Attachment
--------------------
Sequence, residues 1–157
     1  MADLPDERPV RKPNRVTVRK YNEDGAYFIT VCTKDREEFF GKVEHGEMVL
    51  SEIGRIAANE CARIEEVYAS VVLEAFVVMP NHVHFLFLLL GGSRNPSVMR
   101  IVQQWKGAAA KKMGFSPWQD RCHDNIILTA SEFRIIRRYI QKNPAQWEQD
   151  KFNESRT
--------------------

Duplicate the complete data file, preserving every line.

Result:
Sequence, residues 1–157
     1  MADLPDERPV RKPNRVTVRK YNEDGAYFIT VCTKDREEFF GKVEHGEMVL
    51  SEIGRIAANE CARIEEVYAS VVLEAFVVMP NHVHFLFLLL GGSRNPSVMR
   101  IVQQWKGAAA KKMGFSPWQD RCHDNIILTA SEFRIIRRYI QKNPAQWEQD
   151  KFNESRT